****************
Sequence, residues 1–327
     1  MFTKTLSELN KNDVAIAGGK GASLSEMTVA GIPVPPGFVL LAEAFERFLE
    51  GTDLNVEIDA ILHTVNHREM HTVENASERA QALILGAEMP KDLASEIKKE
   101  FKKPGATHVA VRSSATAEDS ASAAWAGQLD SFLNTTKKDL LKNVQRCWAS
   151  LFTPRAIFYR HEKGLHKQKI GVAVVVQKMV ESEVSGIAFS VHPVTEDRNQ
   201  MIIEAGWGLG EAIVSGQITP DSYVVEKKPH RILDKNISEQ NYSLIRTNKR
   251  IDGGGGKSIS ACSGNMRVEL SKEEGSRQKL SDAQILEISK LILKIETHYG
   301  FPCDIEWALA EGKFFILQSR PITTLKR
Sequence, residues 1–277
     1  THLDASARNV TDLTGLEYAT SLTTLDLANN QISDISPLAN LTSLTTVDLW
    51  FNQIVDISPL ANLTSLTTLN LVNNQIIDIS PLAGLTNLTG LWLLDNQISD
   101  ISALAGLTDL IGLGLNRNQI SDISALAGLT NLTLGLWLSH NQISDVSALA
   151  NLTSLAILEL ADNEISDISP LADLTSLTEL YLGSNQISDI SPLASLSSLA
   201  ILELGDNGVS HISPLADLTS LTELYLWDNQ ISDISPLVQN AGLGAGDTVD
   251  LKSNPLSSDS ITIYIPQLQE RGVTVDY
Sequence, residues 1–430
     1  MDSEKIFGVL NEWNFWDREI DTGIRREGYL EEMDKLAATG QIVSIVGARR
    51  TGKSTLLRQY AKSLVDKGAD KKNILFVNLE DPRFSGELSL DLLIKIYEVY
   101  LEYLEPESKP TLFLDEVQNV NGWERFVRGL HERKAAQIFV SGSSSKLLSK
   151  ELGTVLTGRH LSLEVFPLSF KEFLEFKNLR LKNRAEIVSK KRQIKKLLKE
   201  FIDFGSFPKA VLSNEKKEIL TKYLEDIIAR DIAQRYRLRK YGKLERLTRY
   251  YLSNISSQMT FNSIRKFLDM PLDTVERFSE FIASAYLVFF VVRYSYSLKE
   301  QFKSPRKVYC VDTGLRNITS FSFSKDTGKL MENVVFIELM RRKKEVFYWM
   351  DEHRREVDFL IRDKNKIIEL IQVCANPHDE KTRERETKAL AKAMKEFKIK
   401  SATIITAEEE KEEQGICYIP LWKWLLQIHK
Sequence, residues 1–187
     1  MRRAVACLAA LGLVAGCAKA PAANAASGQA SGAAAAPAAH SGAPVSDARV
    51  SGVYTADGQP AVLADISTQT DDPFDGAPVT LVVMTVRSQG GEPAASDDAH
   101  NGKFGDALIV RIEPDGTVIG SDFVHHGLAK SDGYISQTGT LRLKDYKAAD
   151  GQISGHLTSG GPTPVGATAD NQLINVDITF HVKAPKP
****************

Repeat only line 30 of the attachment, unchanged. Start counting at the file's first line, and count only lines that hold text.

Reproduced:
   151  GQISGHLTSG GPTPVGATAD NQLINVDITF HVKAPKP